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Homes burning in Santa Barbara hills as fire rages out of control [Updated]

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Several homes burned this afternoon in the hills above Santa Barbara as a brush fire fueled by hot, dry winds raged out of control.

So-called Sundowner winds picked up this afternoon, re-energizing a brush fire that has been burning for more than 24 hours.

Hot, dry winds were pushing the fire into hillside areas dotted by large homes.

[Updated at 5:25 p.m.: Two firefighters were trapped in a house when the fire swept through and suffered burns, according to the Santa Barbara News-Press. They were taken to a hospital, but their condition was not immediately known.

TV news reporters were overhead saying that they saw at least a half-dozen homes destroyed by the fire, and predicting that number would grow. Hundreds of homes are under evacuation orders and parts of downtown Santa Barbara could be evacuated later in the evening.]

Fire officials were upbeat at a news conference this morning. They reduced their estimate of the fire's size from 420 acres to 196 acres, saying that thick smoke overnight led to the miscalculation by aerial observers. No structures had been destroyed at that time.

"I'm guardedly optimistic," interim Santa Barbara City Fire Chief Andrew DiMizio said earlier today. "This is the first time in my career I've used those words."

Flames worked their way Tuesday night through brush that had not burned in decades, but the wildfire was slowed by moisture levels higher than they are during a typical autumn fire season.

-- Steve Chawkins and Catherine Saillant

MapFire map from the county of Santa Barbara.

Photo: Mark Boster / Los Angeles Times

 
Comments () | Archives (2)

It is always disheartens me to hear someone has lost a home yet as Californians we expect fire season, not unlike those in hurricane areas or even tornado alley. However, we do not expect it to start so early in the year and when it does we have to be extra vigilant, as unlike a hurricane or tornado we as humans have some control through the use of common since. If a fire is started by lighting then Mother Nature controls it, but most of California fires are started by human beings. This by itself is what makes it so much harder as we have the control.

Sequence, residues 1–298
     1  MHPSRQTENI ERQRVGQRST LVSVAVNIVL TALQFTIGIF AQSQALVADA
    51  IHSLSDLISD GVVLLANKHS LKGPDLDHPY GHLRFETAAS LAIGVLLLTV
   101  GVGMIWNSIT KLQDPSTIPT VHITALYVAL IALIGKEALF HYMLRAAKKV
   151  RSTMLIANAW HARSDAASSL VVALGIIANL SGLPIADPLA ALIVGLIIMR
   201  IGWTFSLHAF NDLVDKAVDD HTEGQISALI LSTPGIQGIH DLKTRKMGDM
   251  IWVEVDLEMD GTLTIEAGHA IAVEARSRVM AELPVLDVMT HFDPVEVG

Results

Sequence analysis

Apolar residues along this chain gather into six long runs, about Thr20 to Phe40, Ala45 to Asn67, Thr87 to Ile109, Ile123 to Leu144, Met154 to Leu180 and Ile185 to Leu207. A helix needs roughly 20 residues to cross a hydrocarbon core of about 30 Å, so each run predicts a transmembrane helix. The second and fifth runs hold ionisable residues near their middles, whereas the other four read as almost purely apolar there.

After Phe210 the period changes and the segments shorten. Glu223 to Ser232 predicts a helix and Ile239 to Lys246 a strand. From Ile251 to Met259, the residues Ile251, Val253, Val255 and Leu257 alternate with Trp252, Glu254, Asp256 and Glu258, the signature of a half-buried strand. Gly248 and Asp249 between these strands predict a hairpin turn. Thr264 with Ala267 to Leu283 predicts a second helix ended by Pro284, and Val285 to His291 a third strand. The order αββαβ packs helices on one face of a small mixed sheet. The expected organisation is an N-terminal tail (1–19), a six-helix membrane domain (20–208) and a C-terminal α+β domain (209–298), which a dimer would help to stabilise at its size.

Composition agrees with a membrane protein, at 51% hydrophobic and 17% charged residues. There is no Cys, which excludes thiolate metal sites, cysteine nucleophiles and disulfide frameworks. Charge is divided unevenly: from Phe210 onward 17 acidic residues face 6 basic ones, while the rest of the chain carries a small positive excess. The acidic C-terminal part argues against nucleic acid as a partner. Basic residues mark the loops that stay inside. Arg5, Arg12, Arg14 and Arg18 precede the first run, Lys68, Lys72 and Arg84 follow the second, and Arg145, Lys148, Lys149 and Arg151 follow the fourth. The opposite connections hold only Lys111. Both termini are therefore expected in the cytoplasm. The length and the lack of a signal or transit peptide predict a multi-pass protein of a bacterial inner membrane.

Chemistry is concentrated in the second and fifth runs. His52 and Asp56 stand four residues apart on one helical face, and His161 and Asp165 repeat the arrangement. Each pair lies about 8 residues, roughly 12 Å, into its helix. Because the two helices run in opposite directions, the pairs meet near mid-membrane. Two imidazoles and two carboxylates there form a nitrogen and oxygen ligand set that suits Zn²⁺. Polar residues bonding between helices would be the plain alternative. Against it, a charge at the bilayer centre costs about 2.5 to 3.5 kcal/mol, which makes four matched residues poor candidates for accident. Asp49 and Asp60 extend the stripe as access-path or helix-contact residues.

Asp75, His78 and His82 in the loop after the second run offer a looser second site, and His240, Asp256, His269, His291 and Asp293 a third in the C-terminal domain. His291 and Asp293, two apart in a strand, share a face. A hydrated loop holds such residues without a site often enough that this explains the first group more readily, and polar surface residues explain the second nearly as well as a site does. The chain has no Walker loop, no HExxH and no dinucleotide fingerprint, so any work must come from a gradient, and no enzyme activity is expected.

Being prepared for a disaster is easier in these situations and I myself (living next to open land) will make a bigger effort in clearing the area around my home as well as helping my elderly neighbor. If everyone makes the same effort we maybe able to make a difference in helping potential firefighter save our homes and help an elderly person whom otherwise could not help themselves. On my web site mddesignhomes.com there is a link to FEMA’s after the fire returning to normal, I hope it helps should the need arise.

Gail Devine
Mddesignhomes.com

I don't like to sound like a know it all, but I have often wondered since I bough my FireBreak system why it is that the fire drops of fireproofing material aren't airlifted and dropped ON THE HOMES FIRST and then the firefighters can fan out into the hills?

The stuff PUTS THE FIRE OUT and PREVENTS IGNITION. Why aren't they dropping it on homes?


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L.A. Now is the Los Angeles Times’ breaking news section for Southern California. It is produced by more than 80 reporters and editors in The Times’ Metro section, reporting from the paper’s downtown Los Angeles headquarters as well as bureaus in Costa Mesa, Long Beach, San Diego, San Francisco, Sacramento, Riverside, Ventura and West Los Angeles.
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